In JavaScript every object has one and only one prototype, and that prototype has a link to it’s own up to a chain that returns null when the Object prototype is reached. To get the prototype of an object we can use the Object.getPrototypeOf() method or by the property constructor.prototype on the object inspected. Like in the next snippet in the browser console :

1
2
3
4
5
var x = {};
Object.getPrototypeOf(x); // => Object {}
x.constructor.prototype; // => Object {}
Object.getPrototypeOf(x.constructor.prototype); // => null

So when a function is called using the new keyword, a new object is created with the same prototype as the function. Also, when a accessing to a property value, the property is looked in the object itself first, is not found, it will look on it’s prototype until a matching name is found or the end of the prototype is reached.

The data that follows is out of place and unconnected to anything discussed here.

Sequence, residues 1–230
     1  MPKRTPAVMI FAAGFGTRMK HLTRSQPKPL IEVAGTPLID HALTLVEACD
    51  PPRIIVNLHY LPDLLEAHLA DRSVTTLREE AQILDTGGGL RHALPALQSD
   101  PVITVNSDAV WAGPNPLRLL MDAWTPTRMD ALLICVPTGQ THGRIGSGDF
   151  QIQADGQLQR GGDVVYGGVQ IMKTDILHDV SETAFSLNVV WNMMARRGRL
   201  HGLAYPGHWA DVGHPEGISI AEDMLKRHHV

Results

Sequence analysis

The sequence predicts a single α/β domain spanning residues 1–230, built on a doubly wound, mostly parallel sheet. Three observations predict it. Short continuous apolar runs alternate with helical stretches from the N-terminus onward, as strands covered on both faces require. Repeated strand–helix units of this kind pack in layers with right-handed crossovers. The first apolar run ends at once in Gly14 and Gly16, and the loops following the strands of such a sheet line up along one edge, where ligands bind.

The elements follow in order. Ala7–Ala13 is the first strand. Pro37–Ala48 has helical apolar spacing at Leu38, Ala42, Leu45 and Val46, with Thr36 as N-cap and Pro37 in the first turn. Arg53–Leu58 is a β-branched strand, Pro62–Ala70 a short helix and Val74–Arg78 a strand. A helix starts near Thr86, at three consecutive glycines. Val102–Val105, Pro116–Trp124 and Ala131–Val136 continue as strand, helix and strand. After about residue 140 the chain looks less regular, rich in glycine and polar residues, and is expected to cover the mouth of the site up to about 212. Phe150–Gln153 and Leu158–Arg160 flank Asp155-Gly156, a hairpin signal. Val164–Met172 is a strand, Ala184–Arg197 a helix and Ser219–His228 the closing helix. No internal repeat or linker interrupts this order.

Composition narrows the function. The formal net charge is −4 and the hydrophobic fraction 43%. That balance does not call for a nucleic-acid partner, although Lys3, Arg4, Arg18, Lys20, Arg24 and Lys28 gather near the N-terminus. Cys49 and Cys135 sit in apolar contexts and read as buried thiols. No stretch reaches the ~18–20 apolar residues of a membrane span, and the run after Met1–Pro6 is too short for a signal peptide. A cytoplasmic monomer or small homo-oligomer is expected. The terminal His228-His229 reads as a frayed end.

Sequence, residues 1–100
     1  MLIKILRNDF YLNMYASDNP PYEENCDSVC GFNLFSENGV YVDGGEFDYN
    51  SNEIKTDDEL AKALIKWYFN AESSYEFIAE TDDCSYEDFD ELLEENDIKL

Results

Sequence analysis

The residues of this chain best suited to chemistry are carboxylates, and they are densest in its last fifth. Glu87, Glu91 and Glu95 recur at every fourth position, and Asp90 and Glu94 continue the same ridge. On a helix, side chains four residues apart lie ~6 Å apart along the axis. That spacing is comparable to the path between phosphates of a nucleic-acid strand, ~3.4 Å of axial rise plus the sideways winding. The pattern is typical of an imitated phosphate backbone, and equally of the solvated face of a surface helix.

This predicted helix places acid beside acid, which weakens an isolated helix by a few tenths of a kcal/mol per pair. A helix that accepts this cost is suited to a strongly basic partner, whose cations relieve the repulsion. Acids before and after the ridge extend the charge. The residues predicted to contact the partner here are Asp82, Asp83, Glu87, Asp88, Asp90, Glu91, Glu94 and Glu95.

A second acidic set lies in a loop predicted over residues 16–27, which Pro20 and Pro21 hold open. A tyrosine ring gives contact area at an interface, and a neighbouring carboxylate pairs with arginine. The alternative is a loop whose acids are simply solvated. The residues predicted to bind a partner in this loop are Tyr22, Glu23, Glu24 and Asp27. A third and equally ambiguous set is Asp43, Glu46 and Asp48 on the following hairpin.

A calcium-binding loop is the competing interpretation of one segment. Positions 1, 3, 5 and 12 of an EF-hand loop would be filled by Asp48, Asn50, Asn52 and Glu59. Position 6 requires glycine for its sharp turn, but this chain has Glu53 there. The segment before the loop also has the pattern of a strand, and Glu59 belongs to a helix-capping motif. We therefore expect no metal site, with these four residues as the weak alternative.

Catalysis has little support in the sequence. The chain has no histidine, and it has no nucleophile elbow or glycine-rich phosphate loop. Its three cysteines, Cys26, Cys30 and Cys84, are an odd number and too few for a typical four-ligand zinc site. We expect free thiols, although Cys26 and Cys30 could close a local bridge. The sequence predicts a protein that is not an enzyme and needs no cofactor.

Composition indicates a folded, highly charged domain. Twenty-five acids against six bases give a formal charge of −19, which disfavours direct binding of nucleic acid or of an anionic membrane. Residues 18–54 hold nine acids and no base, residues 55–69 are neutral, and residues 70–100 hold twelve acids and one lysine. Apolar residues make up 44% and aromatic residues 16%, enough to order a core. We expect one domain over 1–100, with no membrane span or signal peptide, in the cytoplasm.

We can also modify the prototypes of functions after they are created and get those properties in the new instances. See the example below.

1
2
3
4
5
6
7
8
9
10
11
12
13
14
15
16
17
var Record = function(title,year,band) {
  this.title = title;
  this.year = year;
  this.band = band;
};

Record.prototype = {
    full_title: function() {
      return (this.title + ' (' + this.band + ' ' + this.year + ')');
    }
}

nevermind = new Record('Nevermind',1991,'Nirvana');
nevermind.full_title; // => function() {...}
nevermind.full_title(); // => "Nevermind (Nirvana 1992)"

We have to be aware that when extending the prototype, we just have to declare the property values directly on the prototype as a normal key/value pair, and not using the self keyword like in the constructor definition.

In the next entry we’ll cover the JSAPI